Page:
Why heat PDE solution does not fully satisfy initial conditions?

In summary: But then i stopped and when i restarted the problem it started from the beginning.In summary, the problem is that the boundary condition for u(0,t) does not hold when t goes to 0+. Duhamel's principle can be used to solve the problem without showing the code.
  • #1
ujo142
4
0
Homework Statement
Solving heat equation with internal heat cources
Relevant Equations
u_{t} = u_{xx} + q(x)/P,
Hi, I am solving heat equation with internal heat sources both numerically and analytically. My graphs are nearly identical but! analytical one have problem at the beginning and at the end for my domain. Many people have used the same technique to solve it analytically and they got good answers. Example solution from my professor had the same issue. I cannot ask him at this time, university is closed in this week. Does anyone have at least idea what is causing this problem and how to solve it? I came up with an idea that i have some kind of tradeoff between initial and boundary conditions.

Problem: u_{t} = u_{xx} + q(x)/P, q(x) = (-x^2+2x), P=const, x: [0,L], t: [0, 40000]

u(0,t) = u(L,t) = 0 u(x, 0) = T0 = 20U can see that analytical solution does not have 20*C close to edges with small time.
 

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  • #3
MathematicalPhysicist said:
There's a solution through Duhamel's principle:
https://en.wikipedia.org/wiki/Duhamel's_principle

without showing us your code how can we tell?
Hi, thanks u for reply. I am not sure how showing my MATLAB code could help here. I checked several times if i correctly applied the formula. My problem is rather the formula that i derived analytically. When i put solution to equation it satisfies it. But when i just put t=0 to solution i don't get T0 as i should.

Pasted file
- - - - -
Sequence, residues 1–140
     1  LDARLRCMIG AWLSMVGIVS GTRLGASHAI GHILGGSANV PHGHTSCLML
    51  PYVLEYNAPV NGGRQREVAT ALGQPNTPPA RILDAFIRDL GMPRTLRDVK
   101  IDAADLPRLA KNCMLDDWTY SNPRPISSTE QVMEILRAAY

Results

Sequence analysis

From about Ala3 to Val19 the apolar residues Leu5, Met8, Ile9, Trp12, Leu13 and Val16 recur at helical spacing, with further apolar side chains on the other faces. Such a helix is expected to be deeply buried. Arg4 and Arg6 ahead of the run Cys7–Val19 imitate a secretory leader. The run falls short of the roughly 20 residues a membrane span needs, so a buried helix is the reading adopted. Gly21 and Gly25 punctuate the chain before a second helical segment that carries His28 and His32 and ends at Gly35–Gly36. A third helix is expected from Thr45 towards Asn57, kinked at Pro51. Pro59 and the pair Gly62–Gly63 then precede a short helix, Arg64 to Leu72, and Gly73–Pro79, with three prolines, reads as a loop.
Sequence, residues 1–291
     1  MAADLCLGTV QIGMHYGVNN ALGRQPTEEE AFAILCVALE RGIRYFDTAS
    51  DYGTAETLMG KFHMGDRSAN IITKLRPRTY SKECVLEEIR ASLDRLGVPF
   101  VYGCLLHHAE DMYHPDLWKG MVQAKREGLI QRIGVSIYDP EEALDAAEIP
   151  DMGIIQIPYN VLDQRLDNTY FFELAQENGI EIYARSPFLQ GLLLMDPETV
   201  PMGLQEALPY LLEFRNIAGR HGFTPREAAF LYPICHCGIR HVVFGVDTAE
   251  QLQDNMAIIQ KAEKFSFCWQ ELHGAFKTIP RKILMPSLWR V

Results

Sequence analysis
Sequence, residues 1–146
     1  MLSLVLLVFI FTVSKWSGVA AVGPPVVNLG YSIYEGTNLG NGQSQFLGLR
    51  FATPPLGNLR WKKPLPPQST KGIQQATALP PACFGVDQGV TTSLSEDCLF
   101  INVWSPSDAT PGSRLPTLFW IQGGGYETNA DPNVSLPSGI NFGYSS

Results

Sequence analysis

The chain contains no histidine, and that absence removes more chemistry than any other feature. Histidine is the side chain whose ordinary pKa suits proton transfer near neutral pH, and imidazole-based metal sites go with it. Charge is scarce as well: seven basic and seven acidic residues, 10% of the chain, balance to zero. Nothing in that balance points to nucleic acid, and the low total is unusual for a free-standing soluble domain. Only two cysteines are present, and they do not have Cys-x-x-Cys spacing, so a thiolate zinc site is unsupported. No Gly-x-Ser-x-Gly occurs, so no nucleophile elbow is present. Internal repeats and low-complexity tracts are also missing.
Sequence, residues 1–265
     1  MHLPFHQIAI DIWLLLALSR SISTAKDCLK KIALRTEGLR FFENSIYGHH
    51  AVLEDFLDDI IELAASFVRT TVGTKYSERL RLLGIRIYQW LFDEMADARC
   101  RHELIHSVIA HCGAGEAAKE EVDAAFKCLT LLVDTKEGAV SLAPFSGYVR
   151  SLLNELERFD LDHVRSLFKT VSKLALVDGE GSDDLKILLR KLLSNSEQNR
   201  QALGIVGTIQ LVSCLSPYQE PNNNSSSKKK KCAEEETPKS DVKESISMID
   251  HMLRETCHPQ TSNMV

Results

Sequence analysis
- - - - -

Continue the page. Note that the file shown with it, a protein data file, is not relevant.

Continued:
To be more precise i have solved this equation with those setps:

assume that i have solution in form u(x,t) = w(x,t) +v(x).
Then i put this into equation and got two equations:
a*w_{xx} = w_{t}
a*v_{xx} = -q/PNext i have solved first equation using separable method w(x,t)=X(x)T(t). Puting boundary conditions I got:
w(x,t) = sum_{n=1}^{inf} A_{n}sin(n*pi*x/L)*e^{-an^2pi^2t/L^4}For v(x) i got:
v(x) = P/(12a)[x^4 -2Lx^3+xL^3]So now i can put this together and got:
u(x,t) = v(x) + w(x,t) = P/(12a)[x^4 -2Lx^3+xL^3] + sum_{n=1}^{inf} A_{n}sin(n*pi*x/L)*e^{-an^2pi^2t/L^4}

Now its time to put initial conditions u(x, 0) = T0 = v(x) + w(x,0). So i have:
w(x,0) = T0 - v(x)

sum_{n=1}^{inf} A_{n}sin(n*pi*x/L)*e^{-an^2pi^2t/L^4} = T0 - P/(12a)[x^4 -2Lx^3+xL^3]

Now i have multiplied this by sinus(m*pi*x/L) and inegrated from 0 to L.
On the left side the integral is L/2*cronecker delta_{nm} and on the right there is large integral.

I calculated first 10 terms and implemented this in matlab. Is this approach correct?
 
  • #4
ujo142 said:
Homework Statement:: Solving heat equation with internal heat cources
Relevant Equations:: u_{t} = u_{xx} + q(x)/P,

U can see that analytical solution does not have 20*C close to edges with small time.
why do you expect that when your boundary conditions are zero?
 
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  • #5